Judge Sandra Dozier wonders...Halo, is it me you're looking for?
Our reviews of Red Vs. Blue: Reconstruction (Season 6) (published August 9th, 2010), Red Vs. Blue: Recreation (Season 7) (published September 30th, 2010), and Red Vs. Blue: The Blood Gulch Chronicles (Seasons 1-5) (published July 1st, 2010) are also available.
Simmons: "To Qualify for vacation, you have to work forty
The world of Halo and the world of slapstick humor meet in Red vs. Blue (RvB), a machinima produced by Rooster Teeth using the popular 3D game Halo (specifically, for season 8, Halo 3) to animate the characters in the story. The series revolves around two teams of soldiers, the Reds and the Blues (for their armour color, naturally!), who are constantly at war with each other, and with any interlopers who get in the way. They are usually located on some remote base where they must fend for themselves and try to eliminate the other team at the same time.
Season Eight is the final part of a trilogy known as The Recollection, the continuation of the Red vs. Blue (RvB) storyline after the original Blood Gulch Chronicles ended. It is not the end of the series, but it closes a specific story tangent in the RvB universe.
We last left our band of misfit soldiers with the Reds and Blues (except Simmons, who stays at Red Base with Donut and Lopez) stumbling upon an illegal dig for artifacts at a temple. They meet up with Tucker, and Epsilon Church (Church's memories in a computer sphere) has been awarded God status by a band of aliens, who worship artifacts. Unfortunately, Agent Washington and the Meta have arrived at the Red Team base, and Washington takes out Donut and Lopez, holding Simmons hostage to lure the rest of them back.
Season Eight opens with "Doc" (Medic DuFresne) arriving at Red Base. When he checks in with command, he says, "I've arrived at Freelancer Program Simulation Outpost 17." The viewer is only given a few seconds to digest this somewhat strange base description before Doc is reunited with Simmons. Of course, he doesn't know that Washington and The Meta have forced Simmons to summon him. Meanwhile, Epsilon Church and the remaining Reds and Blues are regrouping, and Epsilon Church starts regaining his memories.
There are twenty chapters in this season:
• Chapter 1: For Those of You Just Joining Us…
The entire Recollection series has had good direction and some nice visuals, but this season in particular has some awesome animations, including a couple of action-packed fight sequences that I had to watch a few times just because they looked so cool. At one point, the Warthog bursts through a wall and slams into Washington, who crawls over the top of the hood, only to be thrown back and have his weapon snatched out of his hands, midflight and in bullet-time, by Sarge. I completely did a comic book double-take. As the commentary and the visual featurette will tell you, the new animation is due to a combo of utilizing the custom environment build ability of Halo 3 and motion capture animation by Monty Oum. It's important that there be plenty of the verbal slapstick that makes RvB so funny and watchable, but punching up the visual element is a welcome innovation. In addition, there are some nice plot points in this season, and the storyline manages to wrap everything up nicely, harken back to earlier seasons for in-jokes and fan nods, and somehow end everything right back at square one. Nice work.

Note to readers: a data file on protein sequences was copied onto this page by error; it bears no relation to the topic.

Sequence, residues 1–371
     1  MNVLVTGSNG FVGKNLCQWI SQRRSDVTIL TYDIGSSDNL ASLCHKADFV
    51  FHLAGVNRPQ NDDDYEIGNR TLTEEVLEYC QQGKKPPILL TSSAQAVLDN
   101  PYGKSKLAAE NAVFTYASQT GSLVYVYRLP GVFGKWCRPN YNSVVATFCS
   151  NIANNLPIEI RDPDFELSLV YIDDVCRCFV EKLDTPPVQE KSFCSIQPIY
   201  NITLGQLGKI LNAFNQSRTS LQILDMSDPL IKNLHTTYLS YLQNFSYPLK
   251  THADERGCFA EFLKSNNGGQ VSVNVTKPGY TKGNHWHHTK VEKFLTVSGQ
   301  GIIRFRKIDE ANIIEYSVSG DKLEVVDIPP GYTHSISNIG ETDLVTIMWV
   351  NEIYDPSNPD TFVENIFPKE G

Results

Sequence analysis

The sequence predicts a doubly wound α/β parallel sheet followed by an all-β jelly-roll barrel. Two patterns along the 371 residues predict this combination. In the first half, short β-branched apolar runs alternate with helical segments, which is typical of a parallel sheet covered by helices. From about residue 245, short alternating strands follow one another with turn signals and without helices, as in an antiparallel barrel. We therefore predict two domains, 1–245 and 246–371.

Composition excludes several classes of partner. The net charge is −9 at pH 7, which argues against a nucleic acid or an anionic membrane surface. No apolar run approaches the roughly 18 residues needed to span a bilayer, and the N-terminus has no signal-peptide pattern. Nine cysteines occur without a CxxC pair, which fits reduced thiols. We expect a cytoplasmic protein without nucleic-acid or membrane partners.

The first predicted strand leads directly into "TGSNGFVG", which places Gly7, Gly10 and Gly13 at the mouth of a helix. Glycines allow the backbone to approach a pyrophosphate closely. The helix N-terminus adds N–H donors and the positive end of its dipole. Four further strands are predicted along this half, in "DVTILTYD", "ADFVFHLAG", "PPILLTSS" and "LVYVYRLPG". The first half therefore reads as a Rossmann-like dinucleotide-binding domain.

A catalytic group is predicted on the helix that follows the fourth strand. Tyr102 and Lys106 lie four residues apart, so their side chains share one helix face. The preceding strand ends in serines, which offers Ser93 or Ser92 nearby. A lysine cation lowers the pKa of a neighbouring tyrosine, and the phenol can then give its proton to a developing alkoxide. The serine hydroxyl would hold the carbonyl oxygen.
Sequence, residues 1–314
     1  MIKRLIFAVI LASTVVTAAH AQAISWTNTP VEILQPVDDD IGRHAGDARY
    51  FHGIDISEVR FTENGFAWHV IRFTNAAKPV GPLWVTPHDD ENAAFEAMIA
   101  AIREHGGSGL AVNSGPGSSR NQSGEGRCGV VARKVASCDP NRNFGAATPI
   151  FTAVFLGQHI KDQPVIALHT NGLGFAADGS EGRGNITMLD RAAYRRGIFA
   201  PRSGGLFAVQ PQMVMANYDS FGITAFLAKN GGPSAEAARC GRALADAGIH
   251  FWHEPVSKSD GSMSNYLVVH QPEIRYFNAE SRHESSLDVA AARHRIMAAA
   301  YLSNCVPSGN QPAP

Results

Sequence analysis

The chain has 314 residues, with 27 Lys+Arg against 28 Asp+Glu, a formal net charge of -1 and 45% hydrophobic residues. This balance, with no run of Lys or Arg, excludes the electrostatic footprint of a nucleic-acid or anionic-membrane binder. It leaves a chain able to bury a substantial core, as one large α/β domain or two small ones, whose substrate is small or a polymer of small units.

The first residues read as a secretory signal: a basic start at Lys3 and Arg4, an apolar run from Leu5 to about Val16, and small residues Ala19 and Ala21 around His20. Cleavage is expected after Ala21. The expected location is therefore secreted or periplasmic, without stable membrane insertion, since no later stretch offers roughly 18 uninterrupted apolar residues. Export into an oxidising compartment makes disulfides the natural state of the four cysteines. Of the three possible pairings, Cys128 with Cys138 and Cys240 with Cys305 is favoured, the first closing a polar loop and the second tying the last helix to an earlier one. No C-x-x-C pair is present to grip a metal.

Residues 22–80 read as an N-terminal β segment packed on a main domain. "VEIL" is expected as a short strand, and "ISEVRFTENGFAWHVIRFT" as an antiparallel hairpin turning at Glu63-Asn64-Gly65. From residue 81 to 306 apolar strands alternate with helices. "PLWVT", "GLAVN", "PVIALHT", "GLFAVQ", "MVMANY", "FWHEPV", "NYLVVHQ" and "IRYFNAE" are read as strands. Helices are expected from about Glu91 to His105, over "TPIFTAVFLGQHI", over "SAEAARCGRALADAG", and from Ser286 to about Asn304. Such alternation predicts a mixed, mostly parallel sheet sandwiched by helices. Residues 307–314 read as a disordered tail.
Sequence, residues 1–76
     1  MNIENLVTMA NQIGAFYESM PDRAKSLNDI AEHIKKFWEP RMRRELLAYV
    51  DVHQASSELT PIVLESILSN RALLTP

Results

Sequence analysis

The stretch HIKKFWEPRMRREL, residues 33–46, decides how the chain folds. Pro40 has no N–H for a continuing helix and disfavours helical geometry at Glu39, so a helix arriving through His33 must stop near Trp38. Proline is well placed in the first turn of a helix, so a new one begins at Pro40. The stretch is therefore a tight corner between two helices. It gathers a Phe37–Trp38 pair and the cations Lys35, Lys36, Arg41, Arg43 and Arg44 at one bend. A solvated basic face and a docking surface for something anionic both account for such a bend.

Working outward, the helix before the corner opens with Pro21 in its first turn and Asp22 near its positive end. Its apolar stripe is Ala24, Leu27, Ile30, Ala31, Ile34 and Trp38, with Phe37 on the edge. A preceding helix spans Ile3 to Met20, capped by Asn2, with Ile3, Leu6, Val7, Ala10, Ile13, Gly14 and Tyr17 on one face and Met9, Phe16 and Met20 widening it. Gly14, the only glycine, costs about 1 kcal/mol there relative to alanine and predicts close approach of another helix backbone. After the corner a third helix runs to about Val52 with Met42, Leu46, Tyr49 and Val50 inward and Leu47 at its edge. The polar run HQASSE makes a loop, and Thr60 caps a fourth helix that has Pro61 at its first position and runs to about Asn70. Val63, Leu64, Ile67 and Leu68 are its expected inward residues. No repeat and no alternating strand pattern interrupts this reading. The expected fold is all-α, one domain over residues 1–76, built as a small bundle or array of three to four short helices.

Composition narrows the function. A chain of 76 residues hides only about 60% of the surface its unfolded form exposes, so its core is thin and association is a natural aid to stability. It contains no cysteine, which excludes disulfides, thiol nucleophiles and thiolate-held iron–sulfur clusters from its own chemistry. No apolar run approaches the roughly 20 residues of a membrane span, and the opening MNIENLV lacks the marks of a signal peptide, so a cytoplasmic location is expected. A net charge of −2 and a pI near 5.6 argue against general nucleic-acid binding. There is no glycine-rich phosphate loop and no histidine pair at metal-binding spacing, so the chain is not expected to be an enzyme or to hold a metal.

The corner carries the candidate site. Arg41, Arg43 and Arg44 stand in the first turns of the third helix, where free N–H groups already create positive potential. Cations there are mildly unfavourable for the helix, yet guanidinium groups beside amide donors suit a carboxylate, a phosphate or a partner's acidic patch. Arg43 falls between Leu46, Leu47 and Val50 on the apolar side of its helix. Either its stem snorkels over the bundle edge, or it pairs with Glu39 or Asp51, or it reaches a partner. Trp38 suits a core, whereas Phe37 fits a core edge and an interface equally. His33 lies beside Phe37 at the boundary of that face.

Also included on this DVD is the holiday mini-series "Holiday Plans." This Three part, 10 minute mini-series is about the Reds and the Blues getting relocated to a more "festive" (i.e. bitterly cold artic wasteland) location during the holidays, while Sarge fulfills his mandatory vacation requirement for the year.
On par with the rest of the Recollection trilogy, the video and audio for Season 8 are very good. I can watch this on a large screen TV with very little distortion, and the sound quality is good, with some decent stereo separation. As usual, there is a payload of extra features on the DVD, starting with an audio commentary for the main feature, which provides an in-depth peek into how the animation is done and a few behind-the-scenes trivia nuggets. Then there are outtakes (4 minutes), deleted scenes (7 minutes), and 20 minutes of special videos ("Halo Deja View," "Off The Charts," "Game On," "Pro-Tips," "Upgrading," and "Iron Sarge"). There are also two behind-the-scenes featurettes, "Behind the Visual Effects" (6 minutes) and "The Ladies of Red vs. Blue." (5 minutes). Though the featurettes are somewhat short on time, there is a lot of good stuff here, including some clips of the new animation process that shed a lot of light on just exactly how they got those cool fight scenes. I also appreciated seeing the featurette with the girls—I love Tex, and it's cool that the woman who voices her is also a tough girl, herself. Sheila/Filss is demure and sweet in real-life, too. Great casting! Another extra is to wait and watch for a while on each menu for a little easter egg, a different one on every menu.
If you haven't checked out seasons six or seven yet, you can also get the entire box set in Red vs. Blue: The Recollection, which will hit streets on 9/14/10.
This season is bound to leave fans hungry for more, especially with the new
innovations in animation that up the visual interest of the series. This is a
must-see for anyone interested in machinima in general, and RvB
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Scales of Justice
Studio: New Video
• Holiday Mini-Series
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